SP in The News
We often hear politicians' claims here in Canada and elsewhere that a carbon tax would destroy jobs and growth. Yet the evidence from the Canadian province that actually passed such a tax – British Columbia – tells a very different story.
UNTIL recently, British Columbians consumed as much fuel per head as their fellow Canadians. Nothing remarkable distinguished their use of fossil fuel until, in 2008, they began paying a carbon tax. Six years later the province remains the only jurisdiction in North America to levy a charge on fossil-fuel consumption.
A new poll released on Tuesday shows British Columbians are eager to see the government keep its commitments under the Pacific Coast Action Plan on Climate and Energy.
We know the carbon tax is effective. We know the public wants it. Time to ramp up our efforts.
By Josha MacNab
Other than beautiful scenery and having the same monarch, B.C. and Australia don't have much in common.
When Mark Twain wrote, “Never let the facts stand in the way of a good story,” he could have been describing Canada’s current climate policy debate. Prime Minister Stephen Harper repeatedly claims that a carbon tax would “destroy jobs and growth.” Yet the evidence from the province that actually passed such a tax – British Columbia – tells a different story.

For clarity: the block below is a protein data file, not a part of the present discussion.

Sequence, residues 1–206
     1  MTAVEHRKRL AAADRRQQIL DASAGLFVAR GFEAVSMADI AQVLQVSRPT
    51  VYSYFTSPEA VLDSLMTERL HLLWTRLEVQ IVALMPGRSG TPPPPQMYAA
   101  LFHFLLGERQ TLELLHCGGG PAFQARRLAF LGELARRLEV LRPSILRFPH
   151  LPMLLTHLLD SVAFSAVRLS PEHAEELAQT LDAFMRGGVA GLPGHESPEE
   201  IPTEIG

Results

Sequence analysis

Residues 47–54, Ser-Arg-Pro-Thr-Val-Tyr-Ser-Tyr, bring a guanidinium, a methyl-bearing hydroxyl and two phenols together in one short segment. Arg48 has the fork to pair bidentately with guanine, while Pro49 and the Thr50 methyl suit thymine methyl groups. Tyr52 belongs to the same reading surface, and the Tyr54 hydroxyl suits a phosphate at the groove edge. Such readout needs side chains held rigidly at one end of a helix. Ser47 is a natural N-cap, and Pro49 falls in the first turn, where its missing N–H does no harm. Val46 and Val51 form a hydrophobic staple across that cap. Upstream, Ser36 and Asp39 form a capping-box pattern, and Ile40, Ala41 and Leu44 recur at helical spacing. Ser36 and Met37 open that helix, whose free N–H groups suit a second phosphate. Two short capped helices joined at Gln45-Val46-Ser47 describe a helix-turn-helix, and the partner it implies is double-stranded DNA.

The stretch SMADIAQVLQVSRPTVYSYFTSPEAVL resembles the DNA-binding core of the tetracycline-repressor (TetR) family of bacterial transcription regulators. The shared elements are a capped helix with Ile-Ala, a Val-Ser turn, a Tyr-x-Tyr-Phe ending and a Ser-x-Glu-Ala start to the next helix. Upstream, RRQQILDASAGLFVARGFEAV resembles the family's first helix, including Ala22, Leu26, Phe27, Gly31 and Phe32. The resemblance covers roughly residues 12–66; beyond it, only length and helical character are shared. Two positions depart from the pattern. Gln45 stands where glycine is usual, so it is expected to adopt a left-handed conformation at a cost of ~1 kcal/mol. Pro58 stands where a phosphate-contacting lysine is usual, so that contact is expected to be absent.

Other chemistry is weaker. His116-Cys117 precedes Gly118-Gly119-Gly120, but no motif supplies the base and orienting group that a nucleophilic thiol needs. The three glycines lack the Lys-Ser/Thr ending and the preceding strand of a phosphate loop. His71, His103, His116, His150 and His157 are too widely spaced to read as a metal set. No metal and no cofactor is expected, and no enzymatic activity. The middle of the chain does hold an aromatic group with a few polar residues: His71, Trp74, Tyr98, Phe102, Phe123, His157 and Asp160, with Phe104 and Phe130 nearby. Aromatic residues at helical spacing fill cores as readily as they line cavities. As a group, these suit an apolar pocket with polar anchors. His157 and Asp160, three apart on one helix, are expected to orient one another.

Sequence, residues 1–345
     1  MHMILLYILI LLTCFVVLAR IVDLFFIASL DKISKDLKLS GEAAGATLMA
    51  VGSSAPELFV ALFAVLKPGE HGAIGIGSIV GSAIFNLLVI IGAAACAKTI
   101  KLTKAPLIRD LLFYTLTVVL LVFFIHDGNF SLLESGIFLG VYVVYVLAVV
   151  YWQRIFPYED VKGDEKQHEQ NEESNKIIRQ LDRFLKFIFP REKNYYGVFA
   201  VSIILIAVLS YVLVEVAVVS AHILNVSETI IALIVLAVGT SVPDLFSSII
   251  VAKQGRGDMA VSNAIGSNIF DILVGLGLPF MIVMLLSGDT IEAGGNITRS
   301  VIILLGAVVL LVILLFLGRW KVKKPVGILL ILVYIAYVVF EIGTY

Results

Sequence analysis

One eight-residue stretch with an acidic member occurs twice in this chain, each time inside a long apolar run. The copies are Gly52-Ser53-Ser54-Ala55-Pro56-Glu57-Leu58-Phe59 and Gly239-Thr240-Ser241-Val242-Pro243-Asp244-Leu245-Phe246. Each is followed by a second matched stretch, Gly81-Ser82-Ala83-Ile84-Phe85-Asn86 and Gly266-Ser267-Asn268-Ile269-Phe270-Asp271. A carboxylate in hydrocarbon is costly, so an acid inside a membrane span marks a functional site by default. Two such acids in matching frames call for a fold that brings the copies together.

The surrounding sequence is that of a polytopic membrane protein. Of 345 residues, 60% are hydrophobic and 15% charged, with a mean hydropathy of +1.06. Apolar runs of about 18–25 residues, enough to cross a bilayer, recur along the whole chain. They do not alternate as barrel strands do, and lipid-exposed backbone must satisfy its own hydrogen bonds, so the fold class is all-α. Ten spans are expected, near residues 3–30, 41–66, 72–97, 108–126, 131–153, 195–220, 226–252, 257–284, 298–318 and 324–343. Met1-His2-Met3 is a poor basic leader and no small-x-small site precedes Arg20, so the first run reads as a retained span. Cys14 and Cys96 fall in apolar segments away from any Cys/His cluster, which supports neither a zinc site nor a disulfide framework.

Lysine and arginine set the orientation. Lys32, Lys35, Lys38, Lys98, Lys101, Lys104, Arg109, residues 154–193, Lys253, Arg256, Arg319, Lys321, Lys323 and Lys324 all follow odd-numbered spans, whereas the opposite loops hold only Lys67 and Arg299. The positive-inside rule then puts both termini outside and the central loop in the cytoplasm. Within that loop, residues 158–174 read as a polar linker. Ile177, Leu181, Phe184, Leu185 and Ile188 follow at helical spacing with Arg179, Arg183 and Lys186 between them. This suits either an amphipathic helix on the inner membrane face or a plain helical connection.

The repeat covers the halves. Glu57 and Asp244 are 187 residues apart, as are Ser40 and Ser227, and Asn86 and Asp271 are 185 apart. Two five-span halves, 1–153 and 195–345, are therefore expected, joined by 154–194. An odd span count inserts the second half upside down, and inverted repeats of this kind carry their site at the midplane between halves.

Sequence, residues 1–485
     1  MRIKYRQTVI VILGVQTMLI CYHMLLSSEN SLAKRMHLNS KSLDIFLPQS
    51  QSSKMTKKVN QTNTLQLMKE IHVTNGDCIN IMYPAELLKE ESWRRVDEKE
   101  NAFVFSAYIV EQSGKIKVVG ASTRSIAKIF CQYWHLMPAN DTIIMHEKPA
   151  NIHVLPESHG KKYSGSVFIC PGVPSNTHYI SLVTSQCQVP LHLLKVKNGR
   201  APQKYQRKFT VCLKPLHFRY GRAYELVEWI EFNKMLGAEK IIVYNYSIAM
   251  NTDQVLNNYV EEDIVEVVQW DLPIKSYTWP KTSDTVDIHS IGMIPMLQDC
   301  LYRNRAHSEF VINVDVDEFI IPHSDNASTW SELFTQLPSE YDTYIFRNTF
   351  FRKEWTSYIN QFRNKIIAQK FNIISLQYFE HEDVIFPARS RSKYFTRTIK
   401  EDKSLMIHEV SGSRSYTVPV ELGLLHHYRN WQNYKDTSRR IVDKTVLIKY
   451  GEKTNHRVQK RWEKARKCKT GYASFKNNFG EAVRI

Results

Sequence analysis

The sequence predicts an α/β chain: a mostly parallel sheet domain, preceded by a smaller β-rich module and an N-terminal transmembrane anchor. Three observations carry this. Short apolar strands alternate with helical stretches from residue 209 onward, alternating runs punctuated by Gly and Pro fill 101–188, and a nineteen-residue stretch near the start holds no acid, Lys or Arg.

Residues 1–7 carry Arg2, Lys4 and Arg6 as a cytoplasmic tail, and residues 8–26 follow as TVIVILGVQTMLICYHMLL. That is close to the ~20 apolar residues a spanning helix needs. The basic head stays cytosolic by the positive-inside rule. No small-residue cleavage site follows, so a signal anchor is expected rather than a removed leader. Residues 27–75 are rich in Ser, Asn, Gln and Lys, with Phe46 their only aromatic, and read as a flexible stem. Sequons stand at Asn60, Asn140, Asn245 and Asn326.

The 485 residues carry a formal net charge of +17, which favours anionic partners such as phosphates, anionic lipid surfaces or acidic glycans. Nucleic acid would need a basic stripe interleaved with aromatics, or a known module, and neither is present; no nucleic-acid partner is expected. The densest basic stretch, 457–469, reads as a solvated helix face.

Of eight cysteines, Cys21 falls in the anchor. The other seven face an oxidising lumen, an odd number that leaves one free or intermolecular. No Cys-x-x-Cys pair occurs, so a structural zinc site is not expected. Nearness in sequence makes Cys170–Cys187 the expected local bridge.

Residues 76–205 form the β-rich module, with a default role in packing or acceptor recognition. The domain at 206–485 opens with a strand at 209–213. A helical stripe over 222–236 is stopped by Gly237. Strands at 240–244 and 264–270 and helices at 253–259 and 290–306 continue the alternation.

HACKING THE CLIMATE
When I pull up to the pumps in my small hometown on the coast of British Columbia, Canada, I pay more for a tank of gas than in California, my new home. Why? Because regardless of where gas prices hover at the moment, the B.C. government tops off every gallon with a 25-cent tax.
by KORKY KOROLUK
Cash-strapped Canadian municipalities are struggling to address the high costs of maintaining water and wastewater infrastructure.
When you combine climate change, an unlikely partnership between Californians and French-speaking Canadians—and the prospect of an 8-cents-a-gallon rise in gasoline prices—what do you get?
The energy industry vs. California. And Quebec.
B.C. is Canada’s greenest provinces for a number of reasons, but its decision to put a price on carbon stands out as its greatest single achievement.
Is there a way to capitalize on capitalist motives and practices and live sustainably? IDEAS host Paul Kennedy hosts a panel at the University of Ottawa which wrestles with these very questions.
It’s a question that is not easy to answer due to widely divergent views about what constitutes an environmental market.
However, a new report released last month puts the value of Canadian environmental markets at between $406 and 625 million.
by Steve May
When Northern Ontarians contemplate urban sprawl, we may think of homes and businesses creeping up Highway 400 on our drive into Toronto. We may shake our heads at the loss of productive farmland, and wonder how it is that southern Ontario decision-makers have embraced such an unsustainable form of urban development.
The Harper government received a stark warning this week that its reliance on fossil-fuel exports to keep the economy humming is an increasingly risky gambit in a world grappling with the need to dramatically reduce its emissions of greenhouse gases.
Suppose that you live in Vancouver and you drive a car to work. Naturally, you have to get gas regularly. When you stop at the pump, you may see a notice like the one above, explaining that part of the price you're paying is, in effect, due to the cost of carbon.